In the end, Apple walked away from the table, the Google offer remained but Apple didn't want to agree to it.

    As much as Apple fan sites tried to spin it, Apple chose not to have Google's turn by turn navigation.

  • Re:I liked Apple... (Score:2, Informative)

    by Anonymous Coward on Tuesday November 06, 2012 @02:50AM (#41890865)

    Or is it considered common practice now before updating to go over a checklist of every feature of every app you use, to make sure it hasn't disappeared?

    Yes. Yes it is.

    Have you seen what Sony has done to the PS3?

  • by ThatsMyNick ( 2004126 ) on Tuesday November 06, 2012 @03:18AM (#41890987)

    A lot of slashdot people seem to leave their brains at the door when it comes to Apple. Just really irrational hatred going on.

    Touche. s/hated/fanboism/

    Google was already dumbing down their Map app on the iPhone before Apple got into the mapping business. They wanted to charge for "turn by turn" -- which makes business sense for Google. However -- it's a big feature for people with smart phones, so Apple had to do something.

    Google was dumbing down? Just be happy that Google even allowed Apple to use any of their Maps data, let alone Navigation data. Google got nothing in return for the data. No ads, no ad revenue, no fresh data, nothing, zilch. And then Apple wanted turn-by-turn navigation. Google wanted more prominent display of their name, and inclusion of Google Latitude. Apple refused. Google then offered it for a fee. Apple refused and went crying to their fanbois.

    Just from a business standpoint, why would Apple let someone do the "Microsoft thing" to them again? MS had a sub-par Office app experience on the Mac and Apple had to beg for that.

    Apple probably will approve the Google App -- but only after they've established their own a bit more. Having users become dependent on an app that is a strategic trojan horse for the competitor is never a smart move. They've spent billions acquiring and developing their own mapping solution and it's REALLY UNLIKELY they'll even break even on that investment.

    It is not good business to degrade your main cash cow by showing down an inferior experience on your users, either. But what do I know, I am just an irrational slashdotter.

    If any competitor makes the major app and features on your platform -- you become vulnerable.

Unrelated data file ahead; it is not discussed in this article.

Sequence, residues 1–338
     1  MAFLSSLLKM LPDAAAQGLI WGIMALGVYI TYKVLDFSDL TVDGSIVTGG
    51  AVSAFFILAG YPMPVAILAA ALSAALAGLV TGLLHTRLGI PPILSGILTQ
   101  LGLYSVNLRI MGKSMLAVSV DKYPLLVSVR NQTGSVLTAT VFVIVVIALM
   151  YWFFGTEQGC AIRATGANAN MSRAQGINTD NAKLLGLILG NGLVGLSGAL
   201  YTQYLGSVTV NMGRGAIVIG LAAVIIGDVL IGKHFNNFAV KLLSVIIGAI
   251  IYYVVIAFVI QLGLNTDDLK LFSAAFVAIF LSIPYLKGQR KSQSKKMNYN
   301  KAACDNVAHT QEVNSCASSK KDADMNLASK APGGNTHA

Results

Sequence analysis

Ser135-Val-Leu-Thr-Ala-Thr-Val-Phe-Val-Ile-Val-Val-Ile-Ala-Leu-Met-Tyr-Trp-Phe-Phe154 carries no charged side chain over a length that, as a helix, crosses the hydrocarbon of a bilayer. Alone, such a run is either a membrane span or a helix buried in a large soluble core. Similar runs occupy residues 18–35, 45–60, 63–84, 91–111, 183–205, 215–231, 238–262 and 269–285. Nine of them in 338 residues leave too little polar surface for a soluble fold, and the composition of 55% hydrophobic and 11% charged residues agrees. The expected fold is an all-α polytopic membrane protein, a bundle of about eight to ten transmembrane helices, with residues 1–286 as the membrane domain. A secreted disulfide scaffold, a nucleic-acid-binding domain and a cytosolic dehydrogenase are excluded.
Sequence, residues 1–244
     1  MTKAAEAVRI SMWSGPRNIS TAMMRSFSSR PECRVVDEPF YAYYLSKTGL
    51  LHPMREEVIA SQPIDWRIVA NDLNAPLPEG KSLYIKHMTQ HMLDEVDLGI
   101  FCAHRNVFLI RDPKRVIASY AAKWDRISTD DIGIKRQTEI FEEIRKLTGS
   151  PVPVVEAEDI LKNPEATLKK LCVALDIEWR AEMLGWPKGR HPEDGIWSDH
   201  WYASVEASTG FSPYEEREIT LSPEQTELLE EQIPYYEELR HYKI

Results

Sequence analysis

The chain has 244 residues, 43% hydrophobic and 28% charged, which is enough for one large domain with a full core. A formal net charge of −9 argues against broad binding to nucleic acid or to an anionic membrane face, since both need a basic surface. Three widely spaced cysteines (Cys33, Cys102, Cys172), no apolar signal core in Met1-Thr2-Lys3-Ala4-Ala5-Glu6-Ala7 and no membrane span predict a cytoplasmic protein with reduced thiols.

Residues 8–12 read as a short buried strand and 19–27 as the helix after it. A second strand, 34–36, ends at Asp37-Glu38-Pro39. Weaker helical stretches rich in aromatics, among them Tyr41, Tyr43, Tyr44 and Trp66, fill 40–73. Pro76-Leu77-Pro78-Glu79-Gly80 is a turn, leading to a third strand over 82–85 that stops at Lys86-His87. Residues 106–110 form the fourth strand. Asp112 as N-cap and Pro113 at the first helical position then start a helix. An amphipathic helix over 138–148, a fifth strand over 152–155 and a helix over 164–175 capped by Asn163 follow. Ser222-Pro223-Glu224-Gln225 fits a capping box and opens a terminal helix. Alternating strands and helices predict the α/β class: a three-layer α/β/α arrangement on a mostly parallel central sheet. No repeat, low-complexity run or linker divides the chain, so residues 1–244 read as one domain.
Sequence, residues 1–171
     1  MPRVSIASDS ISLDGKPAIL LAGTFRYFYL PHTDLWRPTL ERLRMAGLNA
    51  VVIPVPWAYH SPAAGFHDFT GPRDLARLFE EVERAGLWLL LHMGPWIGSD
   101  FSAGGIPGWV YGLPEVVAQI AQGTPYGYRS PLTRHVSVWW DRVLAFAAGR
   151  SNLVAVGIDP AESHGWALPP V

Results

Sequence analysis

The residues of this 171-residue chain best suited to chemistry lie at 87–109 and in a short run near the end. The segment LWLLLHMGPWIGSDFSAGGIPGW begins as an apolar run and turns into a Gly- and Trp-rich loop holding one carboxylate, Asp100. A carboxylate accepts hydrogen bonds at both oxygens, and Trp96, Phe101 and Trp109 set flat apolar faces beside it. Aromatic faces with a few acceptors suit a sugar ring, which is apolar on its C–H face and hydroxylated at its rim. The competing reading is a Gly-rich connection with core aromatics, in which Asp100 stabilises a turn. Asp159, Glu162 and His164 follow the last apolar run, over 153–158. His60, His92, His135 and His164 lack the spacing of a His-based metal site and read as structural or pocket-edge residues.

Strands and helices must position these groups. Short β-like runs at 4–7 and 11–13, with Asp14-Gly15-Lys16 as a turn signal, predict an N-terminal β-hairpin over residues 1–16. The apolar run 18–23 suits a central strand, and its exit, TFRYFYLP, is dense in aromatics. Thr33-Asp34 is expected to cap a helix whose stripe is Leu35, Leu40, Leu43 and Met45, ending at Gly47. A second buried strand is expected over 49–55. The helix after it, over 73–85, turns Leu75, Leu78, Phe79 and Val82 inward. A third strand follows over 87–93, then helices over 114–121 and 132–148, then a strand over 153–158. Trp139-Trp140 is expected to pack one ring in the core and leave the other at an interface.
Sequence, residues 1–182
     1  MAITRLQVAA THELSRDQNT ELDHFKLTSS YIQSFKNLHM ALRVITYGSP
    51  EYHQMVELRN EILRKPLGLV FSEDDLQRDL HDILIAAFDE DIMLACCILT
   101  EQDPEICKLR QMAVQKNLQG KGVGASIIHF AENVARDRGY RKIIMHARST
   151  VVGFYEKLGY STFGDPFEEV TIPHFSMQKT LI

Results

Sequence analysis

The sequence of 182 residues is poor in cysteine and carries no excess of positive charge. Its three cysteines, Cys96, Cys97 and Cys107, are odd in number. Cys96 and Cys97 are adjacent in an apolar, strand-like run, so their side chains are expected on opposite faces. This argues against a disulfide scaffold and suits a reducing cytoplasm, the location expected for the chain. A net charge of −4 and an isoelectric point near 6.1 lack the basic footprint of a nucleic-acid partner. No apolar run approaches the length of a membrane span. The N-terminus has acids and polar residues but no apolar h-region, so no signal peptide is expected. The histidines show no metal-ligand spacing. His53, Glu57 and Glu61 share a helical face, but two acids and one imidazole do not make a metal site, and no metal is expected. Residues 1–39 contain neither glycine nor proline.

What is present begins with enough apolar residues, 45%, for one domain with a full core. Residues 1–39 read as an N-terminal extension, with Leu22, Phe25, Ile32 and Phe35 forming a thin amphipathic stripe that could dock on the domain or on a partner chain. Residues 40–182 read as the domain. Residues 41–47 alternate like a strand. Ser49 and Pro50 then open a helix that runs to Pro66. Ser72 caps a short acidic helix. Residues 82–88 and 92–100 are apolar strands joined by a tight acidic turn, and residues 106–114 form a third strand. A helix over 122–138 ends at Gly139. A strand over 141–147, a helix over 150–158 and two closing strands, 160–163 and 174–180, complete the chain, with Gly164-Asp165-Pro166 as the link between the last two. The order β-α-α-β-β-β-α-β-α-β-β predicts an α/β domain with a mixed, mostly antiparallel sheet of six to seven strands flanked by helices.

I think a lot of these comments about Apple -- on so many topics, ignore normal business practices. It's as if they invented Lawsuits, using Chinese manufacturing plants, and defensive policies towards major competitors. Grow up Slashdot, and stop talking like the ignoramuses you like to make fun of.

    Actually, they pretty much did invent it. Grow up fanbois.

  • by stephanruby ( 542433 ) on Tuesday November 06, 2012 @03:57AM (#41891139)

    ...and the myth that Apple will not allow publishing anything that "duplicates functionality" is long dead at this point.

    A myth? Are you kidding me? The last time Apple removed existing applications, because it "duplicated" (new) iPhone functionality, was just last week. And I'm talking about removing existing applications, not just banning new applications. Granted, those apps were for adding emoji icons, it's probably no big loss to anyone, but it at least proves that this clause in their developer EULA hasn't gone away.

    Besides, no one is saying that Apple "will not allow publishing anything that 'duplicates functionality'". That's a straw man argument. From the very beginning, Apple hasn't been consistent in enforcing its rules anyway. For instance, it allowed some apps that duplicated functionality, while it rejected other applications that duplicated that same functionality.

    The thing is. You don't really know. And Apple won't tell you of course. So you have to invest all this money and manpower in building your app for the iPhone platform and take the risk that the person reviewing your app is in a good mood that day, and/or that Apple won't go back on its decision six months from now (when they feel their mapping application has finally passed QA).

  • Re:complain (Score:4, Informative)

    by Fjandr ( 66656 ) on Tuesday November 06, 2012 @04:38AM (#41891281) Homepage Journal

    Ignoring? I asked a reasonable question. Why would you imply I read that but somehow chose to ignore it?

    Slashdot Rule #5: Anything which can be attributed to malice will be.

  • Re:complain (Score:5, Informative)

    by lochnessie ( 1291986 ) on Tuesday November 06, 2012 @07:12AM (#41891849)
    Google didn't write the pre-ios6 Maps app, Apple did. It just used the Google Maps API.
  • Re:complain (Score:5, Informative)

    by jc42 ( 318812 ) on Tuesday November 06, 2012 @09:19AM (#41892413) Homepage Journal

    So basically Google wanted to ... add a feature which let Google keep track of where every iOS user is. I can understand why Apple wants to make their own maps in the long run.